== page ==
David Kappos has wrapped up his first year as Director of the USPTO. As noted in his blog, he has implemented a number of new programs and rolled out several new initiatives. Perhaps most importantly, he has fostered an atmosphere of cooperation between the USPTO and the stakeholder community. With that in mind, I again urge the USPTO to take action to solve the McKesson Information Disclosure Statement (IDS) problem. I am not the only one concerned with this issue. One of the most common search topics that bring people to this blog relate to “McKesson” and “IDS.” Clearly, stakeholders are burdened by this problem and are looking for guidance and solutions.
The McKesson IDS Problem
As I wrote previously, Federal Circuit decisions such as McKesson Information Solutions, Inc. v. Bridge Medical, Inc., 487 F.3d 897 (Fed. Cir. 2007), indicate that there can be a duty to disclose information from co-pending U.S. applications, including Office Actions and cited references. With a small application family, the requirement is usually manageable, but the burden grows exponentially with each additional family member.
The USPTO’s current IDS rules do not provide an efficient framework for citing information from a co-pending U.S. application that is undergoing parallel examination. As a result, applicants are forced to submit copies of documents that are already in the hands of the USPTO. There is no justification for this duplication of effort (and paper!), because there are at least three simple solutions that the USPTO could adopt:
(1) Treat Co-Pending U.S. Applications Like Parent-Child Applications
MPEP 2001.06(b) provides that if an application is filed as a CON, DIV or CIP of an earlier application, the examiner will consider the prior art cited in the earlier application without the applicant having to cite to same art in the later application. The USPTO should extend this provision to co-pending U.S. applications that are identified by the applicant.
For example, once an applicant identifies a co-pending U.S. application (such as in an initial IDS), the examiner—not the applicant—would be obligated to periodically check the co-pending application file for new information that may be material to patentability. The examiner could do this prior to issuing each Office Action or a Notice of Allowance. This extra step could actually reduce examiner workload, because examiners could quickly assess whether any new information is relevant to patentability instead of having to review and process an IDS submitted by the applicant. In cases where the examiner is handling multiple applications in the same family, the examiner already would be familiar with the Office Actions and references of record.
(2) Treat References Cited in Co-Pending U.S. Applications Like Those Cited In Foreign Applications
The timing requirements of the current IDS rules include several exceptions for information first cited in a counterpart foreign application. The USPTO should extend these provisions to co-pending U.S. patent applications.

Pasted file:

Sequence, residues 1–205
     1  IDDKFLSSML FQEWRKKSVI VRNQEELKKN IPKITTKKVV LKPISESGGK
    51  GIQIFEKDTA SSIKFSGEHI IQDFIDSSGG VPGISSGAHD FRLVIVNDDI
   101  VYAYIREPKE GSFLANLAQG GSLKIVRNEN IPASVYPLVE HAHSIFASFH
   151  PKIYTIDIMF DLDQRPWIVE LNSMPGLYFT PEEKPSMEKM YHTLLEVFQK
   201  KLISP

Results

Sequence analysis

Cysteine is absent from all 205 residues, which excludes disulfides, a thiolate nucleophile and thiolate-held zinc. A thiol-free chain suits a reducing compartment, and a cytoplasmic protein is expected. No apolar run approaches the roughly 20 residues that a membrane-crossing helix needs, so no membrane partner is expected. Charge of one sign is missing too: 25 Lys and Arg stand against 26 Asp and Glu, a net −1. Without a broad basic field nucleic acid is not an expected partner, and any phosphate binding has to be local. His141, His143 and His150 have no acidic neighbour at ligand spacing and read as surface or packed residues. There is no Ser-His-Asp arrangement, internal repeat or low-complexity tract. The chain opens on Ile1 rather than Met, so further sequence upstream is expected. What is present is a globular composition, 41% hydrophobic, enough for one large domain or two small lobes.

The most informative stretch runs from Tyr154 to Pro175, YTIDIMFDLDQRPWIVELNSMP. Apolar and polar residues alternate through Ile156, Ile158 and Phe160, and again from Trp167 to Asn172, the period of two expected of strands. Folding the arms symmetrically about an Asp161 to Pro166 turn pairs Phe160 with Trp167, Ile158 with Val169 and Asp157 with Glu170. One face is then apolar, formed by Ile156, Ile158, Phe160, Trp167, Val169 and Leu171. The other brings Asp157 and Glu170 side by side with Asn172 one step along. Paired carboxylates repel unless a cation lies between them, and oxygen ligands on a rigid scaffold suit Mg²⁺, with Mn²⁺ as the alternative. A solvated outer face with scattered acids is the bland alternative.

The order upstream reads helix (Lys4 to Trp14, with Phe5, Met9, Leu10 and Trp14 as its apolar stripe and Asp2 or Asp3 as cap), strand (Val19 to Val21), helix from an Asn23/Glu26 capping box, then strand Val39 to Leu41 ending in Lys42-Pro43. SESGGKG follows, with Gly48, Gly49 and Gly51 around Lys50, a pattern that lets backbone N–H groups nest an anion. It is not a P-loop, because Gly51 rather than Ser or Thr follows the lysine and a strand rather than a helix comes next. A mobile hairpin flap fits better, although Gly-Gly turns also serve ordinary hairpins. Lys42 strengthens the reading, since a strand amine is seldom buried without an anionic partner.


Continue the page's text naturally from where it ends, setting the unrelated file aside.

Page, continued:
For example, applicants could submit information newly cited in a co-pending U.S. application without having to pay a fee (after a first Office Action) or file an RCE (after a final Office Action). There is no reason the USPTO should make it more difficult for applicants to obtain consideration of information produced in a co-pending U.S. application as compared to a foreign application.
(3) Treat Non-Patent Documents Cited in Co-Pending U.S. Applications Like Those Cited in Parent Applications
The documentation requirements of the current IDS rules require applicants to submit copies of all references (other than U.S. patent documents) unless the references already were cited in an earlier U.S. parent application. The USPTO should extend this exception to co-pending U.S. applications.
Under current practice, if an Office Action is issued in a co-pending U.S. application that is not a parent application, applicants must file copies of the Office Action and cited references to comply with the IDS rules for the other application. In essence, an applicant must copy and re-file at the USPTO the same documents that the USPTO just copied and mailed to the applicant. This can amount to a tremendous administrative burden (not to mention a colossal waste of paper) as stacks of references may need to copied or scanned. This can be a particular problem in chemical and biotech applications, where the cited references may include long PCT applications or applications with lengthy Sequence Listings.
An examiner can access information of record in the co-pending application electronically, and nearly as easily as information of record in the application at hand. Thus, there is no justification for imposing this burden on applicants. Indeed, this rule stems from the days of paper patent files, and now is obsolete in view of the USPTO’s electronic file system.
The USPTO Should Act Now
I know Director Kappos has bigger issues than IDSs on his agenda, but fixing the McKesson IDS problem would have an immediate, positive impact on stakeholders. The USPTO could implement these changes without Congressional approval or budget appropriations. Making it easier for applicants to comply with the IDS requirements would significantly reduce the costs and burdens of patent prosecution, permitting stakeholders to put more of their patent budgets to better use.